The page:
All this will drive change in consumer purchasing behaviours, promote the growth of the de-manufacturing industry, and help to reduce de-manufacturing costs. By 2039, the de-manufacturing economy will approach the same level of employment as the financial services industry and will employ as many designers and robot operators as the manufacturing industry. 

Consumer Action

The general public has become educated on environmental issues.  However, recent documentaries, such as the BBC’s Blue Planet II, have demonstrated how far we still have to go in terms of recycling. Many people now no longer trust curbside collection but feel paralysed about what else they can do.

The simple answer is to let people take a more active part in the recycling process. Instead of separating items and hoping for the best, consumers should be empowered to guarantee 100 percent correct segregation of e.g. different plastics, and ensure they are delivered to manufacturers in a pure form, ready for closed-loop recycling.

In fact, by delivering high-purity materials back to manufacturers, consumers could benefit directly from the high value of these materials. Government schemes encouraging the purchase of recycled materials will assist further. 

This is where technological innovations will play a major role. ReCircle, for example, is an appliance for home or business that will use a sensor to identify and guarantee the correct separation of different plastic, glass, metal, etc. The appliance will then wash and grind the materials for separate storage in the base. The high-purity materials are then picked up and the consumer reimbursed for the weight of recycled materials.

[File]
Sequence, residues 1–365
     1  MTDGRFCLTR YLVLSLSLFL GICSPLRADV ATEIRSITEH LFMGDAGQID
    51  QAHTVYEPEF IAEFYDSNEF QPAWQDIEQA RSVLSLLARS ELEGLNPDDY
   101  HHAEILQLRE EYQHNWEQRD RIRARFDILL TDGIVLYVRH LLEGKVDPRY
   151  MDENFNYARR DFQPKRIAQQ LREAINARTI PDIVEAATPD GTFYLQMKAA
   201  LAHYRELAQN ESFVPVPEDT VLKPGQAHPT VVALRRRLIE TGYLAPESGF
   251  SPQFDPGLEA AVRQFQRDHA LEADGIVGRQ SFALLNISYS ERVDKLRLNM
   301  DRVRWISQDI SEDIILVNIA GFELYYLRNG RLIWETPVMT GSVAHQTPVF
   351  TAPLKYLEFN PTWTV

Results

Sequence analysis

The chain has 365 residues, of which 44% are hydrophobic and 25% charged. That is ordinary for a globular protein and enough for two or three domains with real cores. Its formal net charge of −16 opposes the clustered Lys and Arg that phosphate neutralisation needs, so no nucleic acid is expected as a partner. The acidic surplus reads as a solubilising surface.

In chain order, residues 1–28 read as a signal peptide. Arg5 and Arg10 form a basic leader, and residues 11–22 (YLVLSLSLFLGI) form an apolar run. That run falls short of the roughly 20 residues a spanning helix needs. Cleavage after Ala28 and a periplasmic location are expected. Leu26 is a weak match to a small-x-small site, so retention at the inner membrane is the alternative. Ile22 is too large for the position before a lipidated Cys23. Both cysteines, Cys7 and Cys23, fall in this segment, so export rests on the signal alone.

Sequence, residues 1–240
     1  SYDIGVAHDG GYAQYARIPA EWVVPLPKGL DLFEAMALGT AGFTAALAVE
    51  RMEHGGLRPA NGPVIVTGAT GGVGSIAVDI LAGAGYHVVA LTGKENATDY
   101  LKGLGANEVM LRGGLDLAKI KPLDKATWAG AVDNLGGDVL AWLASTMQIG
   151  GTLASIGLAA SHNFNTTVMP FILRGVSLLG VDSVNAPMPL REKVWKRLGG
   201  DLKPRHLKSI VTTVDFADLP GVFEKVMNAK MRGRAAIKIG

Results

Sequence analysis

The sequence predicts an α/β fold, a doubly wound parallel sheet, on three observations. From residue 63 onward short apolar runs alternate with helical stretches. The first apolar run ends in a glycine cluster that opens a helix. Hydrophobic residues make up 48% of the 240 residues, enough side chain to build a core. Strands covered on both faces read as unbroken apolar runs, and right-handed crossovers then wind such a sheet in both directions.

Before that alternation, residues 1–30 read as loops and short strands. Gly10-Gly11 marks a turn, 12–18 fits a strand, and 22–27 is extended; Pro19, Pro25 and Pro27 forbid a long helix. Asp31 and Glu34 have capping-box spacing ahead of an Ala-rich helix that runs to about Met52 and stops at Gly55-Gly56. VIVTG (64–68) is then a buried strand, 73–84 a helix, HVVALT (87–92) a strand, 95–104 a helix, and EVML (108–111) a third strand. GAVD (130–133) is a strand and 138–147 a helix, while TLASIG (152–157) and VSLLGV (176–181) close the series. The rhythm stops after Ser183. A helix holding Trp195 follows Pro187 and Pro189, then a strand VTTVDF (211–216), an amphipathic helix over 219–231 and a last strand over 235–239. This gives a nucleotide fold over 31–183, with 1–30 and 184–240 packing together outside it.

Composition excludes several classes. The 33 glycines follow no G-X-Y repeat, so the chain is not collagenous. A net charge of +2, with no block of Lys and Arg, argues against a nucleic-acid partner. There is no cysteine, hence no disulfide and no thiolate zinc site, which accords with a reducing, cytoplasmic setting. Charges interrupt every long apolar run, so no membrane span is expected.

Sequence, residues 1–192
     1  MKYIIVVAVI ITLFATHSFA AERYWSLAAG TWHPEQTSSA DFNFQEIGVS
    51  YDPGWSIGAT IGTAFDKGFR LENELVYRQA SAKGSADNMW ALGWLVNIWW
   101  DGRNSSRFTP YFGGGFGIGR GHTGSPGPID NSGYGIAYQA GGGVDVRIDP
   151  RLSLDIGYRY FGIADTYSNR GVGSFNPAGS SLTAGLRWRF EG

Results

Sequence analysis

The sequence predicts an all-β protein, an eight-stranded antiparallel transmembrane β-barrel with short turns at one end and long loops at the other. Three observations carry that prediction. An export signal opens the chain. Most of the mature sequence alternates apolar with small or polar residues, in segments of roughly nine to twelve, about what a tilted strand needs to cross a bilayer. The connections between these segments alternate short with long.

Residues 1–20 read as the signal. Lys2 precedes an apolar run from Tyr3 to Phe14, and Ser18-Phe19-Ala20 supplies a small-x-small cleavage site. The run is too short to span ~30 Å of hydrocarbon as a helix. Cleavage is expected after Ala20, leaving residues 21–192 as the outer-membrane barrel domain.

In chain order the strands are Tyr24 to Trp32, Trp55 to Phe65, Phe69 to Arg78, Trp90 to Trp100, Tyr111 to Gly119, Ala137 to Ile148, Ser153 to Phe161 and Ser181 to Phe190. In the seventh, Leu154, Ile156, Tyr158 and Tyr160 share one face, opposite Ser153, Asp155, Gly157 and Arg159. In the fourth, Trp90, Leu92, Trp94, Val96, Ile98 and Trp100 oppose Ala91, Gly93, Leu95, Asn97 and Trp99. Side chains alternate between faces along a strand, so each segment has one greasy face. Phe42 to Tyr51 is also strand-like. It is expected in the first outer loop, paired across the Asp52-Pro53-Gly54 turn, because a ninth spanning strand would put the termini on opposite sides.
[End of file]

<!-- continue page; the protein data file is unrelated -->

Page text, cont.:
Appliances like this are a vital step towards achieving 100 percent closed-loop recycling.  In 20 years, every individual, business, airport, hospital, factory, restaurant, education institute etc. will take responsibility for the separation and cleaning of recyclable material. On an individual level, required purity becomes easily achievable, allowing the industry to benefit from valuable, high-purity closed-loop recyclable materials.

Innovations in Technology

A number of existing technologies will be re-engineered to help both industrial and consumer recyclers. We predict that these technologies will focus on improving the ease and affordability of high-purity recycling. 

The first and arguably most important innovation we be a further and continuing reduction in the cost and size of material sensors. Currently, sensors are relatively expensive because they can sense multiple substances. Exception sensors, detecting one substance only, will be smaller, simpler and when mass-produced very much cheaper. .  

Next, we need to reduce the size of the grinding, granulating and compacting equipment. Smaller equipment means more compact appliances allowing consumers to process their recycling in their own home or business. 

With domestic closed-loop recycling, the current efficient home delivery and pick-up services will be adapted to include bespoke equipment that will individually empty and weight each of the separately stored recycled products.  On-demand home delivery and pick-up services have improved in performance and cost, due to the improved technology and logistic systems developed by companies like Amazon and Uber. The application of this technology and processes to on-demand recycling collection will delivered lower costs and therefore greater value to closed-loop recycled products.

The technologies will continue to develop and thanks to AI, machine learning and robotics improve in performance, cost and efficiency. In combination with the circular economy and de-manufacturing, I foresee a world where nearly all used-materials will be 100 percent closed-loop recycled.